A Fragment of Stone Edgar Ward

Piece for Southwark Cathedral (2017), Edgar Ward

Edgar Ward is a sculptor with a background in architectural stone carving. He is currently in the first year of the MA in Ceramics at the Royal College of Art. He works with the tactile processes of carving stone and ceramic to make sculptures about his experiences of nature, architecture, and memory.

I kept a fragment of a sandstone carving that was removed from Southwark Cathedral in London during a restoration project I worked on. The carving is a stylised, almost abstract foliate form that curls up over the mouldings. These pieces of masonry are a part of the building’s exterior fabric. Southwark Cathedral has been rebuilt and restored many times in its long and turbulent history. There is still evidence of shrapnel damage from bombing during the Second World War.

At the end of the second year of my studies in architectural stone carving we had the opportunity to work on a project to replace a string course of over 40 carved “stiff leaf bosses.” We were given a design to work from based on the fragments that remained of the original string course. We were replacing eroded and pollution damaged Victorian carvings, they themselves were replacements of the original 16th century Gothic carvings. When we first observed the Victorian carvings from many meters below, we thought they looked lifeless and crude. However, once the scaffolding was set up for the installation of our new carvings we were able to see the originals up close. These twisting and undulating stone leaves were delicate and lively, while ours felt clunkier and less developed in comparison. It was a reminder of how much we still had to learn from the carvers of the past.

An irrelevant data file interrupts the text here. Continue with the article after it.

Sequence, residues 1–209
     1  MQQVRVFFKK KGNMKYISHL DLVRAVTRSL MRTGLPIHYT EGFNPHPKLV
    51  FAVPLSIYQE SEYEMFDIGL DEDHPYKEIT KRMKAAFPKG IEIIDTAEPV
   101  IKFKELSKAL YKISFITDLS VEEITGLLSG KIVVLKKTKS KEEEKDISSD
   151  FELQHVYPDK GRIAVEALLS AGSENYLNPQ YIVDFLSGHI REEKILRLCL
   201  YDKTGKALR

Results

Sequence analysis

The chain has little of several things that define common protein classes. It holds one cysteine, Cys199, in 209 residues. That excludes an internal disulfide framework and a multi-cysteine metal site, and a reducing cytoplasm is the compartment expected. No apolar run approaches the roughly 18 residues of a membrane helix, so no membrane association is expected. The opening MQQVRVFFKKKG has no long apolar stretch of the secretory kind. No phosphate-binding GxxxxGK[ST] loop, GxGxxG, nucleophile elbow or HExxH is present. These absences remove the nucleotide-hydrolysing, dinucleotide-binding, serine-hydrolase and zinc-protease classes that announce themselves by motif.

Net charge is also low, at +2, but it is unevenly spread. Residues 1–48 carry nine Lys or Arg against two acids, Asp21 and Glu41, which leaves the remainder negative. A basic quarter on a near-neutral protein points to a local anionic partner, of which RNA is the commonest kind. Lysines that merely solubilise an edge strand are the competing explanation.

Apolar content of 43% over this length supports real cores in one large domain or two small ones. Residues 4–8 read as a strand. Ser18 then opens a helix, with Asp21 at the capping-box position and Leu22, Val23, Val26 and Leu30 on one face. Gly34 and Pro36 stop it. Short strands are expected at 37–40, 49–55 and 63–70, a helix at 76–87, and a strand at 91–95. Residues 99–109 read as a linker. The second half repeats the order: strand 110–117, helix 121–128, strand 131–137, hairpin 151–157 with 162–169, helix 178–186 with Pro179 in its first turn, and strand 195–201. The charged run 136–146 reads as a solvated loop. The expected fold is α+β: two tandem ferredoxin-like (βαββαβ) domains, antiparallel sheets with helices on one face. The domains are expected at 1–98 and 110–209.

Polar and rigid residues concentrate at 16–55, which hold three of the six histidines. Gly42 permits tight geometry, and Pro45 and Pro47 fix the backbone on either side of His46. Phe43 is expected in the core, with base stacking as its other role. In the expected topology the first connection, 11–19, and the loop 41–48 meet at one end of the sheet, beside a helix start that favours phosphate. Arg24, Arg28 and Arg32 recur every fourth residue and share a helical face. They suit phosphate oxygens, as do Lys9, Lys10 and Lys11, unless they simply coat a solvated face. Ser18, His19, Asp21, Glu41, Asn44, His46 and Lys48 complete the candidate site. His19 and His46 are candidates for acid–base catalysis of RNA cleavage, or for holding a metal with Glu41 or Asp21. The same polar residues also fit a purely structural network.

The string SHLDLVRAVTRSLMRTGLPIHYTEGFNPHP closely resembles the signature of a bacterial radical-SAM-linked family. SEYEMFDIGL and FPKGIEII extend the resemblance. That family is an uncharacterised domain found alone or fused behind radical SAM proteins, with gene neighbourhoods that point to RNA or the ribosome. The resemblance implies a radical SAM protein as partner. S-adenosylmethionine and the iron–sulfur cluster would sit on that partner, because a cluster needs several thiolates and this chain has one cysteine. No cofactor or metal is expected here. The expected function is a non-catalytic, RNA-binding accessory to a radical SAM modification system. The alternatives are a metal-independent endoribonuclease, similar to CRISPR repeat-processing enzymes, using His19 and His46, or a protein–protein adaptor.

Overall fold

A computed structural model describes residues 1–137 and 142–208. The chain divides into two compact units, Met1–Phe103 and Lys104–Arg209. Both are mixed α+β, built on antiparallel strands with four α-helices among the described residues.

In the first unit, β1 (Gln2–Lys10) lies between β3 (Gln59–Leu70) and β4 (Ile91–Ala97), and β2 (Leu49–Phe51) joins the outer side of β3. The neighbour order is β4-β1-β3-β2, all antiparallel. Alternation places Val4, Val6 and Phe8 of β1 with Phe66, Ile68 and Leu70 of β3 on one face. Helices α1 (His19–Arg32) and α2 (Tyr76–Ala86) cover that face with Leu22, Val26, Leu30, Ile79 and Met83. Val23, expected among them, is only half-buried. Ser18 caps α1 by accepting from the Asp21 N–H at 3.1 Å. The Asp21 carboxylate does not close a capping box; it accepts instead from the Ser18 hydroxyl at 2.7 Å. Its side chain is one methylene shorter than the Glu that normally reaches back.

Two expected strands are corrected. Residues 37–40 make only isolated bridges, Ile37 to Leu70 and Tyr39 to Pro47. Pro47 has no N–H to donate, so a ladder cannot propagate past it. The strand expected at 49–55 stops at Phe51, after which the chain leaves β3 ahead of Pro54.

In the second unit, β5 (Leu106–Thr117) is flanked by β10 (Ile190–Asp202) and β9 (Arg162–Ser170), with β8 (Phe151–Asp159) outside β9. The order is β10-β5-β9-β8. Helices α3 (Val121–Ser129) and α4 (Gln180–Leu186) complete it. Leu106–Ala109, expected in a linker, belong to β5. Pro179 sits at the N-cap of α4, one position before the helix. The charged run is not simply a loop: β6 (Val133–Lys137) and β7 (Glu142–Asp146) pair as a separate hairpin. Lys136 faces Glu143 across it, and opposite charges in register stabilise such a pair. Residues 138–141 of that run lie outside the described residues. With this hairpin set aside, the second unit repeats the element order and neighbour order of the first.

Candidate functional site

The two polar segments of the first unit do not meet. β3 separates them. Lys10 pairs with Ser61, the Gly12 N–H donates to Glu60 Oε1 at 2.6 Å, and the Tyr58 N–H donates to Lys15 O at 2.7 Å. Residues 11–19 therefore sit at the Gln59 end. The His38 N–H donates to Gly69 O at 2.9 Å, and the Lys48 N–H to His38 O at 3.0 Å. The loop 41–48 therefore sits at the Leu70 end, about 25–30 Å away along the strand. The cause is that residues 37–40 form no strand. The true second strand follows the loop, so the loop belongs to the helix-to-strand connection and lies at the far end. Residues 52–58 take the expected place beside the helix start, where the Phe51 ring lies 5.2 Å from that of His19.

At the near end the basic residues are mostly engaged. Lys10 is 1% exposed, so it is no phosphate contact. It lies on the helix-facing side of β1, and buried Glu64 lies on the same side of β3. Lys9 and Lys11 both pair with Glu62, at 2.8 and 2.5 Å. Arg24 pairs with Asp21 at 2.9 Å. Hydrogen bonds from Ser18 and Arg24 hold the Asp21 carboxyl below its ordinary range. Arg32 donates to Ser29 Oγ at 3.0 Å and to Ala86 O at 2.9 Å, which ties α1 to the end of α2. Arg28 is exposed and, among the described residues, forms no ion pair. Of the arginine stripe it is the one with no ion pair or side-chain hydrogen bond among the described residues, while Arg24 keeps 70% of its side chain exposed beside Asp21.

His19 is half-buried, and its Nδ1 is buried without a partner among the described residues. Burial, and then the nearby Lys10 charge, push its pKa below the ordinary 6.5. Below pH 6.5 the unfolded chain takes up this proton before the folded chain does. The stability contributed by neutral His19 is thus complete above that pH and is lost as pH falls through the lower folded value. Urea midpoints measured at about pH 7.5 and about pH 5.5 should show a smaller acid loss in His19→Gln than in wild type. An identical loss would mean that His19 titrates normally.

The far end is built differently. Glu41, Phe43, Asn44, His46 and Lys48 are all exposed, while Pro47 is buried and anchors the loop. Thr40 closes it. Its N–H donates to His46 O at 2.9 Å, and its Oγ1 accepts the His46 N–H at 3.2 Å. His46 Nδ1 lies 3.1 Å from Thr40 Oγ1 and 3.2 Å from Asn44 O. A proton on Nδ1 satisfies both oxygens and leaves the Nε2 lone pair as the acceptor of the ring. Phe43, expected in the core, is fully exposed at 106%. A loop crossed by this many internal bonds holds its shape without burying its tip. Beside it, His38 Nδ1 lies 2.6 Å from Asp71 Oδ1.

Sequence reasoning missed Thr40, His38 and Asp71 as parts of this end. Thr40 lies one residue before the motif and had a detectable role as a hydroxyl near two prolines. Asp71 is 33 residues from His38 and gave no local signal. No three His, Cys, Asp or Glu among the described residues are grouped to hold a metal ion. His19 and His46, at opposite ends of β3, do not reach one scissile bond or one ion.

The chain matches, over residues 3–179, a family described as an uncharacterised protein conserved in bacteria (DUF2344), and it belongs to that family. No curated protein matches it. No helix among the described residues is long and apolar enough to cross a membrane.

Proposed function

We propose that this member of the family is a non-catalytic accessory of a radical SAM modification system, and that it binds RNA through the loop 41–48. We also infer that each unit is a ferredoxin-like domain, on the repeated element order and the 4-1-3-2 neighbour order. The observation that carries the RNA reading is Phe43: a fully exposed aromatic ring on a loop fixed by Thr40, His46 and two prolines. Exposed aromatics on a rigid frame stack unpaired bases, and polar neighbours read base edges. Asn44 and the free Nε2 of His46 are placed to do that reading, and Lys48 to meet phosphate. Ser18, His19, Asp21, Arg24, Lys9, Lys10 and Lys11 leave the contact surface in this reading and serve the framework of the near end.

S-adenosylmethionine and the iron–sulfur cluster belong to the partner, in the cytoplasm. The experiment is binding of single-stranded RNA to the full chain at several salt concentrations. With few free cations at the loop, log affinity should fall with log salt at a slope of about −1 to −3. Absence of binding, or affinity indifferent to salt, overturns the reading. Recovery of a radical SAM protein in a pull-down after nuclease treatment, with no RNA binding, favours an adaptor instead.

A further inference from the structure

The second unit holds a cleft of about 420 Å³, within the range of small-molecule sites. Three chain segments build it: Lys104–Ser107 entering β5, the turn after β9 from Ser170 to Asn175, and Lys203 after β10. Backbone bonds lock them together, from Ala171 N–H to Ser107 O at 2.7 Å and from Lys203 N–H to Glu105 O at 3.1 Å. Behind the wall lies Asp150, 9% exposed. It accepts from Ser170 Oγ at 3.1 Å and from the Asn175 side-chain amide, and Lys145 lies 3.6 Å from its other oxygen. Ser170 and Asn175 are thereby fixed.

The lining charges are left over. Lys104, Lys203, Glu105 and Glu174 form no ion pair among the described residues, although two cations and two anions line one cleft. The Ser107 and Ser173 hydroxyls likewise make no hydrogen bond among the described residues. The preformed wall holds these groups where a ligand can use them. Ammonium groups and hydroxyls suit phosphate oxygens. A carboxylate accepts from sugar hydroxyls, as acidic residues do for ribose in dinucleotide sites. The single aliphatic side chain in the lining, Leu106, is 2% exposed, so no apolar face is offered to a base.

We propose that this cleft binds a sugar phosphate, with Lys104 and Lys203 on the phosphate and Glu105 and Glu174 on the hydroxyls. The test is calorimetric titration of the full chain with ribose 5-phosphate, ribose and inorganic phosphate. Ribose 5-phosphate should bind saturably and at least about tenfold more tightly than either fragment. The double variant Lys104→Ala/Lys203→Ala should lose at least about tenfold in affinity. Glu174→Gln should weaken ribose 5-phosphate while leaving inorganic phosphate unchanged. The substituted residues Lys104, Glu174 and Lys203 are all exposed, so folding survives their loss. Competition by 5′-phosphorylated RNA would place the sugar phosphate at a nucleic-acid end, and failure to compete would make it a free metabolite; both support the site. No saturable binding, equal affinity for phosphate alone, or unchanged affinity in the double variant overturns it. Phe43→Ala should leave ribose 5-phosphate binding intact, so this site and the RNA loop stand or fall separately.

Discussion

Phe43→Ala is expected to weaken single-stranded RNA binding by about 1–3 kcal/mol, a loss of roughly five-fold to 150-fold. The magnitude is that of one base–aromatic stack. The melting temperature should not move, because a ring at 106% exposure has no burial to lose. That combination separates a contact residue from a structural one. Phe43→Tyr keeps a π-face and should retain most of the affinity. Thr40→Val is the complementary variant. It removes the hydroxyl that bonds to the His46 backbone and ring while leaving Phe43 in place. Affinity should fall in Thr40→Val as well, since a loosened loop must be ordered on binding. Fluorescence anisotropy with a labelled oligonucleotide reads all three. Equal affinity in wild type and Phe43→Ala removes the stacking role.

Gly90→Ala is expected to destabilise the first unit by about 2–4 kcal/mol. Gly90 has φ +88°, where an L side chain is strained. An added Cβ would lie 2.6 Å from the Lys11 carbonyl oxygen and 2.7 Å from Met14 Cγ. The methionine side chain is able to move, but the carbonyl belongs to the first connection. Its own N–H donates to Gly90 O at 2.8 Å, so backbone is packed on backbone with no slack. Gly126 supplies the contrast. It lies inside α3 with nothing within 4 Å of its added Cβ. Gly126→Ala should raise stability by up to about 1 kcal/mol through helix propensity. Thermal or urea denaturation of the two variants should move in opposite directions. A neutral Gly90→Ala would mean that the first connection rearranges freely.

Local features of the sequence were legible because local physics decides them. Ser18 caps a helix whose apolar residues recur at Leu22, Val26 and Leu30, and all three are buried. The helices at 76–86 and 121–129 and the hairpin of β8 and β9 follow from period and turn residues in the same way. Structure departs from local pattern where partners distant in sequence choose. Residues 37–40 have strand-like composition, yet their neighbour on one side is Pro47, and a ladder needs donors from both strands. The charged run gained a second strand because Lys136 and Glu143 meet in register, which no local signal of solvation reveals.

I took the fragment —which was intended for the archives—home with me because it reminds me of my place in a long line of stone carvers and is a symbol of the constant renewal and continuity of human civilisation. The tools that were used to make my interpretation of the design would have been almost identical to not only those of the Victorian carvers, but even the Roman stone masons that worked in London in the 1st century AD. My sandstone fragment is blackened and worn smooth and in my room— removed from its architectural context— has become strange and mysterious.


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